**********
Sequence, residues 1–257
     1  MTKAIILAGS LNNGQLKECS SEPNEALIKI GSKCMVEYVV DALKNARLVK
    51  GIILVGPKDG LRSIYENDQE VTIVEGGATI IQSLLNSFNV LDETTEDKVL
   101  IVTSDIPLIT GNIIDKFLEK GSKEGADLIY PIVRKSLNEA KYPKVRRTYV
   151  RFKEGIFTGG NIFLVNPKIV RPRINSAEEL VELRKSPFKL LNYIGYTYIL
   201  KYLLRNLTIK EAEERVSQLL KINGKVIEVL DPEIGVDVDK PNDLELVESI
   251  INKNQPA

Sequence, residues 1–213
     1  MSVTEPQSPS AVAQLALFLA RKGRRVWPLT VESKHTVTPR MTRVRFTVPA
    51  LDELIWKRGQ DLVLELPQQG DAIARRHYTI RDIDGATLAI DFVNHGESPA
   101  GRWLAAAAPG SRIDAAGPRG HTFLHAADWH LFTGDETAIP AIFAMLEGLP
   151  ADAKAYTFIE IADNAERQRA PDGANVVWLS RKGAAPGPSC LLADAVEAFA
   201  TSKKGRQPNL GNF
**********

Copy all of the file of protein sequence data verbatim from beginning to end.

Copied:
Sequence, residues 1–257
     1  MTKAIILAGS LNNGQLKECS SEPNEALIKI GSKCMVEYVV DALKNARLVK
    51  GIILVGPKDG LRSIYENDQE VTIVEGGATI IQSLLNSFNV LDETTEDKVL
   101  IVTSDIPLIT GNIIDKFLEK GSKEGADLIY PIVRKSLNEA KYPKVRRTYV
   151  RFKEGIFTGG NIFLVNPKIV RPRINSAEEL VELRKSPFKL LNYIGYTYIL
   201  KYLLRNLTIK EAEERVSQLL KINGKVIEVL DPEIGVDVDK PNDLELVESI
   251  INKNQPA

Sequence, residues 1–213
     1  MSVTEPQSPS AVAQLALFLA RKGRRVWPLT VESKHTVTPR MTRVRFTVPA
    51  LDELIWKRGQ DLVLELPQQG DAIARRHYTI RDIDGATLAI DFVNHGESPA
   101  GRWLAAAAPG SRIDAAGPRG HTFLHAADWH LFTGDETAIP AIFAMLEGLP
   151  ADAKAYTFIE IADNAERQRA PDGANVVWLS RKGAAPGPSC LLADAVEAFA
   201  TSKKGRQPNL GNF